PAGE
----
Second, I’ve heard from multiple sources that some people had concerns about the event but felt that they couldn’t express them in public. (You should take this claim with a grain of salt; not all of my knowledge here is firsthand, and even with respect to what is, since I’m not providing any details, you can’t trust that I haven’t omitted context that would lead you to a different conclusion if you knew it.) The resulting appearance of unanimity definitely left me feeling pretty unnerved and made it hard to tell whether I should participate. There are obvious reasons for people to refrain from public criticism—to the extent that it’s a personal thing, maybe we shouldn’t criticize people’s life choices, and to the extent that it’s a community thing, maybe we should err on the side of non-criticism in order to prevent chilling effects—and I don’t really have any useful thoughts about what to think or do about this. I’m not sure anyone should particularly do anything differently based on this information. But I’d feel remiss if I allowed it to just not exist in public at all.
(This wound up being mostly about the meta-level ritual/holiday stuff, but I’m posting it in this thread rather than the other one because I wanted to say something about the application of that meta-level stuff to this particular situation, rather than about how to build rationalist ritual/holidays in full generality. I’m basically in favor of the things being suggested in the other thread; my only serious worry is that nobody will actually do them, given that many of them have been suggested before.)
This strikes me as a purely semantic question regarding what goals are consistent with an agent qualifying as “friendly”.
He tweeted his approval.
Correction: The annual Petrov Day celebration in Boston has never used the button.
I’ve talked to some people who locked down pretty hard pretty early; I’m not confident in my understanding but this is what I currently believe.
I think characterizing the initial response as over-the-top, as opposed to sensible in the face of uncertainty, is somewhat the product of hindsight bias. In the early days of the pandemic, nobody knew how bad it was going to be. It was not implausible that the official case fatality rate for healthy young people was a massive underestimate.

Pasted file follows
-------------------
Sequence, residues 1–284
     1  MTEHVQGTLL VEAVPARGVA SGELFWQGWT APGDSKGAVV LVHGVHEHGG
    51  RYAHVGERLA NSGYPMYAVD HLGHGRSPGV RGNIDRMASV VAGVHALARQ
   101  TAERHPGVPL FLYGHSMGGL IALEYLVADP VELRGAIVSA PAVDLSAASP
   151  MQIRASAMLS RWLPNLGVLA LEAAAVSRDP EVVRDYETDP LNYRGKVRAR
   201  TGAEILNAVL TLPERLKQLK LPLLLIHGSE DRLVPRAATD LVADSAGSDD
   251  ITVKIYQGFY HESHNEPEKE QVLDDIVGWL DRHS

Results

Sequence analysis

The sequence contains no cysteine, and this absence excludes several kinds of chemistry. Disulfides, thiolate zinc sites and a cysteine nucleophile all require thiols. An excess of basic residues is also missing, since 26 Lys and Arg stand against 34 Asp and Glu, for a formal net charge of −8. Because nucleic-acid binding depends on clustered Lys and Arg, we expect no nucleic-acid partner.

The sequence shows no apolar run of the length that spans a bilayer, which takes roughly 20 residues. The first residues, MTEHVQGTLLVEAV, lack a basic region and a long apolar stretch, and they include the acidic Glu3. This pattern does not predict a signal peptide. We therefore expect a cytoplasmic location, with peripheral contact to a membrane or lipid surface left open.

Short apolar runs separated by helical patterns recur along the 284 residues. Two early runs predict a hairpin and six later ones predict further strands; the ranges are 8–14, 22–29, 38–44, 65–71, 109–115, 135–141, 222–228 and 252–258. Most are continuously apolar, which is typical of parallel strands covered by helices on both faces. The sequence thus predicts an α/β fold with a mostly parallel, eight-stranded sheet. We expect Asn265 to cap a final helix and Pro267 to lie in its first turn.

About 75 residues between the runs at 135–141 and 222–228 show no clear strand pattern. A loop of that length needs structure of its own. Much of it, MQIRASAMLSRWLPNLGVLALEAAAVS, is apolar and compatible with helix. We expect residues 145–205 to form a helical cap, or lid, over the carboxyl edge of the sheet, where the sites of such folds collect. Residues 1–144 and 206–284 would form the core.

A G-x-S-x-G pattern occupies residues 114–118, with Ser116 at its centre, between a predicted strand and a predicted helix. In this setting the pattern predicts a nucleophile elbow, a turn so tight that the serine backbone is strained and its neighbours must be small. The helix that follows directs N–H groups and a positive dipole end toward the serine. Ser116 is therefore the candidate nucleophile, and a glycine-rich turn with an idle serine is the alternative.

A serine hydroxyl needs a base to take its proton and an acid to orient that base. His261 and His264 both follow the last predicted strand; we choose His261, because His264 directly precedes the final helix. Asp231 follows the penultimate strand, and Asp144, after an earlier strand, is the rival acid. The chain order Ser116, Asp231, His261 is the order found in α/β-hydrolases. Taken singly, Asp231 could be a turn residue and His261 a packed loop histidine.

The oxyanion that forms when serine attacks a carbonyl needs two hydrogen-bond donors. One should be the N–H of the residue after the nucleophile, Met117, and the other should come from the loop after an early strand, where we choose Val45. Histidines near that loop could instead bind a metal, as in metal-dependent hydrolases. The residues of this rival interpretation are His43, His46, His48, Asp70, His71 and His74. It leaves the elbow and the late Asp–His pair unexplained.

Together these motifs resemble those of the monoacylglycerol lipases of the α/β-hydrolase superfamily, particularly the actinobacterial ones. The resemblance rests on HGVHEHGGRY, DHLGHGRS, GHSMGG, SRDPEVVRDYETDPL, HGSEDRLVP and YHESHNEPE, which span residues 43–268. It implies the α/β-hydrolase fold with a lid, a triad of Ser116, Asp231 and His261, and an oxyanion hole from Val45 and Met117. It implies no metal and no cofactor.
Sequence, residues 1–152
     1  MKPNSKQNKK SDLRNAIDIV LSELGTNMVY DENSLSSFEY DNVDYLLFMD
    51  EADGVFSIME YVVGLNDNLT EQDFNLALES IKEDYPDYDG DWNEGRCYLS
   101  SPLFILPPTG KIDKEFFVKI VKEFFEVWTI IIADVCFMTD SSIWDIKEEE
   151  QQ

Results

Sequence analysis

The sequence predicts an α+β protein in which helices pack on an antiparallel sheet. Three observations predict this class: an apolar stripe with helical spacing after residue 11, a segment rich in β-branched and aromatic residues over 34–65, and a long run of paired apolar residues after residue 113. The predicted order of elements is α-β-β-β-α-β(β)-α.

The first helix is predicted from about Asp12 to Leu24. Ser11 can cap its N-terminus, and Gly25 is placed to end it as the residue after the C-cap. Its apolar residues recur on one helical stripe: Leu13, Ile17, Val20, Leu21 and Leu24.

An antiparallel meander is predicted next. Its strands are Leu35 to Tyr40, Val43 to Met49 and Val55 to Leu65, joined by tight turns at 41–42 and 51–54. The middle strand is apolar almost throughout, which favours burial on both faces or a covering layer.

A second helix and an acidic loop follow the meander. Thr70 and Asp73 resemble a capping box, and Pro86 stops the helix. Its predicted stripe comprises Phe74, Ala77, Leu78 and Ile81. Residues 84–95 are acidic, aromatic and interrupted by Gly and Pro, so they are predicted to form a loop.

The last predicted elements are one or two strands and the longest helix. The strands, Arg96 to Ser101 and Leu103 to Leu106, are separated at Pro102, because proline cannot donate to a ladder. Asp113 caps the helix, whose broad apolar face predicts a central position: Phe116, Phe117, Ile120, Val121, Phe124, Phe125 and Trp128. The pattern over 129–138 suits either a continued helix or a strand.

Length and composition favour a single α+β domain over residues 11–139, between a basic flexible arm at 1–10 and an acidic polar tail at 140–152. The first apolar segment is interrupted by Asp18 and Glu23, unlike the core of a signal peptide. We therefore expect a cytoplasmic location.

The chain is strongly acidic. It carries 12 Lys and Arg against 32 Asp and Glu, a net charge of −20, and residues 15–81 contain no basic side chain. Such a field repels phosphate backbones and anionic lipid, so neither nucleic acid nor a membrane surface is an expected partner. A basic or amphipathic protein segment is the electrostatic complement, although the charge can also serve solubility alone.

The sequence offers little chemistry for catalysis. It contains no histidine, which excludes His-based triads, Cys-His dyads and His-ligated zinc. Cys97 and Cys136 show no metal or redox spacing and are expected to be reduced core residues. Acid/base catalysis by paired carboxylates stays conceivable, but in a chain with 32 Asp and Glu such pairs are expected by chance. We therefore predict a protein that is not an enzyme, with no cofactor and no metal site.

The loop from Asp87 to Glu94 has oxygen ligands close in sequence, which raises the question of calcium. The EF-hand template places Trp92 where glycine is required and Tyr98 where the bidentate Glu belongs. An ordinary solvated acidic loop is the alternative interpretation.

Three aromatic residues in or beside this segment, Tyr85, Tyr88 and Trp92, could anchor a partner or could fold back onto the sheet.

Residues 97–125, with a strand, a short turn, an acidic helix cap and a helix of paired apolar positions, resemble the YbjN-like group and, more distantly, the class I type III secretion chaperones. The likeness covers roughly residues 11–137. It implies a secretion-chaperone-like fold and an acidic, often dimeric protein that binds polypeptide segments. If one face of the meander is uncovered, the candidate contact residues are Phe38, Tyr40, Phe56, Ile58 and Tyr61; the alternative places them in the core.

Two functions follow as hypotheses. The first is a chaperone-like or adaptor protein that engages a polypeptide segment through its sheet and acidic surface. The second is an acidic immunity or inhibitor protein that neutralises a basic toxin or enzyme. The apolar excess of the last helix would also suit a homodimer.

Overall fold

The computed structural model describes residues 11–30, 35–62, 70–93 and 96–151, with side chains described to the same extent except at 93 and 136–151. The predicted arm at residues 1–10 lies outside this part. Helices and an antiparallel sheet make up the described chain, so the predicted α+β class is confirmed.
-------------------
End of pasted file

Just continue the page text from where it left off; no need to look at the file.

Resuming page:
I don’t think our community is “hyper-altruistic” in the Strangers Drowning sense, but we do put a lot of emphasis on being the kinds of people who are smart enough not to pick up pennies in front of steamrollers, and on not trusting the pronouncements of officials who aren’t incentivized to do sane cost-benefit analyses. And we apply that to altruism as much as anything else. So when a few people started coordinating an organized response, and used a mixture of self-preservation-y and moralize-y language to try to motivate people out of their secure-civilization-induced complacency, the community listened.
This doesn’t explain why not everyone eased up on restrictions once the epistemic Wild West of February and March gave way to the new normal later in the year. That seems more like a genuine failure on our part. I think I prefer Raemon’s explanation from this subthread: the concentrated attention that was required to make the initial response work turned out to be a limited resource, and it had been exhausted. By the time it replenished, there was no longer a Schelling event to coordinate around, and the problems no longer seemed so urgent to the people doing the coordinating.
Docker is not a security boundary.
Eh, if you read the raw results most are pretty innocuous.